I have an app which has been working with Windows 2008 R2 DCs, basically querying AD for a user attribute, but can't do it with Windows 2012 R2. The app server runs Windows 2008 R2 and the client Windows 7, and both are able to resolve SIDs S-1-18-1 and S-1-18-2. The error in the app simply says it's unable to contact Directory Services. Were there any changes in regard to Kerberos or LDAP in Windows 2012 R2?
Forum info: http://www.activedir.org
Problems unsubscribing? Email admin@xxxxxxxxxxxxxxxx
App unable to talk to Win 2012 R2 DC
- 49 Views
- Last Post 5 days ago
Resource SID compression?
Smita Carneiro, GCWN
Active Directory Systems Engineer
IT Security and Policy
Ross Enterprise Center
3495 Kent Avenue, Suite 100
West Lafayette, IN 47906
Many thanks Smita, will test it tomorrow morning and let you know if it helps.
Sent from my iPhone
Just a quick update and a question on this one.
We ran wireshark on the app client, app server and DCs, and confirmed the communication happening without any issues (LDAP bind and queries from both the app client and server). In the end we figured out the problem was caused by name caching, probably DNS caching which by default expires after 24 hours, but couldn't identify where it was happening. The app server was logging errors and listing a DC by its name as unavailable, after the DC was completely removed from the DNS and DNS cache flushed from the app client and server. The app has many dependent apps and also talks to SharePoint, but the app owner was unable to shed much light on it.
The app is a .net one running on IIS. They say a Microsoft LDAP API was used to fetch attributes from AD. I noticed that the app pool service account was delegated LDAP SPNs for all the DCs, which need to be removed manually after a particular DC was demoted and deleted from AD.
My question is was it possible that Microsoft LDAP API actually cached something somewhere and is it really necessary to use LDAP delegation for a .net app running on IIS under a domain user credentials?
Many thanks for your help
To answer your specific question, to the best of my knowledge the MS AD libraries do not cache DC names.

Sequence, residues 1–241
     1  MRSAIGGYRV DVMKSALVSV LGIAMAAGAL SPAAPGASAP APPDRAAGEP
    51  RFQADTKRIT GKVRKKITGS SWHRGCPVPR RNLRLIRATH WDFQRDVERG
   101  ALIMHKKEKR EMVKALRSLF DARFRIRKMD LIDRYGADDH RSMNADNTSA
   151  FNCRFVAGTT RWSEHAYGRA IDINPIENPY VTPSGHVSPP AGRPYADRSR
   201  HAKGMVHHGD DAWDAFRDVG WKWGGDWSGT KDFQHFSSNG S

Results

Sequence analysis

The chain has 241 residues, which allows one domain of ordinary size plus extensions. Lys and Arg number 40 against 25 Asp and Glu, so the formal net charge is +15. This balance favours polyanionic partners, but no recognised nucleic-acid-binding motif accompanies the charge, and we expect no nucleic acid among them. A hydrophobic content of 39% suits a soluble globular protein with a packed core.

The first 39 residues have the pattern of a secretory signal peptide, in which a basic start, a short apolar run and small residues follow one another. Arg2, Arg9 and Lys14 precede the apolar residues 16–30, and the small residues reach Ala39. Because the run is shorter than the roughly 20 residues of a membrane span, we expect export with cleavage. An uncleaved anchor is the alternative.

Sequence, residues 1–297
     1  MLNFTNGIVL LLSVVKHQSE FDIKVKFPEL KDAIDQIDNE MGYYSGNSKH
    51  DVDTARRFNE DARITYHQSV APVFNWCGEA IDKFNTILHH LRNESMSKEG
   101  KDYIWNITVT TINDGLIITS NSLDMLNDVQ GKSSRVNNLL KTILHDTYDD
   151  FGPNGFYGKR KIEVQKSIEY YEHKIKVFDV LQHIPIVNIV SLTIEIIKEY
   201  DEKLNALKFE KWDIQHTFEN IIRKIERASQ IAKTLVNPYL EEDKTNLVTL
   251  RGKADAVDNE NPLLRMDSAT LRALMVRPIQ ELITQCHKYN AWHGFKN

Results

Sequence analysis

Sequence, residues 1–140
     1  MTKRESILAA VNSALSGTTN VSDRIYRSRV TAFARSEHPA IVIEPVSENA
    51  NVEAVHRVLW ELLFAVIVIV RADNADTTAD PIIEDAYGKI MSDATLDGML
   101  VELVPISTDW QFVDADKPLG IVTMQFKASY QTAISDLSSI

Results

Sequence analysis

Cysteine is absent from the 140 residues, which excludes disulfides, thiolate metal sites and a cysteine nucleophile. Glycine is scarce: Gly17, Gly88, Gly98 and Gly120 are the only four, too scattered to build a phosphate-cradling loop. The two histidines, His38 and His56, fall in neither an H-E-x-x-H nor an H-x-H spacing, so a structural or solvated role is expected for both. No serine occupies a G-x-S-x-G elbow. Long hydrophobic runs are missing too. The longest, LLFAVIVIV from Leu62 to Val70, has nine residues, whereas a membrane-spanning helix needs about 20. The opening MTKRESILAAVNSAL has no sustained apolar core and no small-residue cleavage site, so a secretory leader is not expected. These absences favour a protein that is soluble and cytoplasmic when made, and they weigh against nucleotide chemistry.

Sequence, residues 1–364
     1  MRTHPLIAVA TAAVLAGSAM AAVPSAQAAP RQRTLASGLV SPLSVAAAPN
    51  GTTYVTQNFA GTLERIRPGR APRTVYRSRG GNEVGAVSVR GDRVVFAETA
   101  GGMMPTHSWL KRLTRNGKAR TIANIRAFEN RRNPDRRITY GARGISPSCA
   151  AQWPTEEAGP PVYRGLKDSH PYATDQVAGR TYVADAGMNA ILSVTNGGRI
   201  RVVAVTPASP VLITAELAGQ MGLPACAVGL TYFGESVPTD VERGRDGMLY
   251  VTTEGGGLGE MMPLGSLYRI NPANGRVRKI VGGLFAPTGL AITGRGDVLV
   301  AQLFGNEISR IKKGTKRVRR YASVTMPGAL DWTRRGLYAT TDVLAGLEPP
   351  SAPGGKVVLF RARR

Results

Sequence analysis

When a program makes an LDAP call, it has the option of specifying a domain controller name. IOW, in the path LDAP://[<dc>/]<LDAP-FQDN> the DC name is optional.
Is the app itself specifying a DC name in the LDAP path? If the app doesn’t specify a DC name, then the MS APIs use the DC locator to get a DC name. The DC locator uses DNS records to locate DCs. This is not simply the A records for the DCs themselves, there
are a number of records per-DC that get registered when a DC is promoted.
On each DC you will find the file “c:\Windows\system32\config\netlogon.dns” (presuming that the OS is in the default location). You should ensure that all of
these records for all of your active DCs are present in your DNS and that there aren’t old records from decommissioned DCs. Old records could be left if a DC is shut down without demoting it first. Yes, there are lots of DNS records here and any missing or
incorrect records can throw the DC locator function off.
Another remote possibility is that you have multiple AD sites and a site link is unreliable, but I wouldn’t worry about that until you ensure that the DNS records
Thank you so much for your reply. DC names are not specified anywhere in the app as it started talking with the new and renamed DC 24 hours or so after the DC was built. I got a confirmation from a developer that the app uses System.DirectoryServices.
I cleaned up msdcs folder after the first DC was forcefully demoted, and during the testing of the new one, removed all the records of the second old DC which the app kept complaining about being unavailable since it was turned off. I also confirmed the new DC had all the records in.
In this domain, there is only 1 site, but another one is coming with several remote sites. Will see how we go about it.
I had a Microsoft field engineer with me for an entire day and we were unable to figure it out. It's a test environment so we were able to play around. He advised we build a new instance of Windows 2008 DC and force the app to talk to it in order to eliminate any issue related to Windows version.
It's all good now, but I have another 2 domains to do and was thinking it would be really great to know what had happened there.
I wrote a whole book about effective .NET directory services programming with System.DirectoryServices a while ago. You can still get it on Amazon and it is still a useful resource even though it is more than 10 years old because this stuff hasn't really changed much since then. Your devs might find it useful.
To help understand better what is going wrong from the perspective of the app, I'd want to see how the DirectoryEntry objects are being constructed and also know what exception they are throwing when they are failing to work properly. It may also be useful to know more details of the hosting model for the application because if the DirectoryEntry is constructed with default credentials, the identity being used to connect to AD will be the identity of the current process and you'd want to ensure that it is a domain account, at least with respective to the network (for example network service or system on a domain-joined server).
I hope that helps a bit too. If you can't repro the problem anymore, it may be difficult to figure out what was wrong but these items should help if you run into it again.
Did you check the LAN Manager Authentication levels? https://technet.microsoft.com/en-us/library/jj852207(v=ws.11).aspx
Servers may not be able to talk by default if these are mismatched between the client and the DC. I have seen this old issue pop up a few times recently during migrations and upgrades.
Cloud | Identity | Security
MVP Enterprise Mobility | MCM Directory Services
Twitter | Blog | LinkedIn | Skype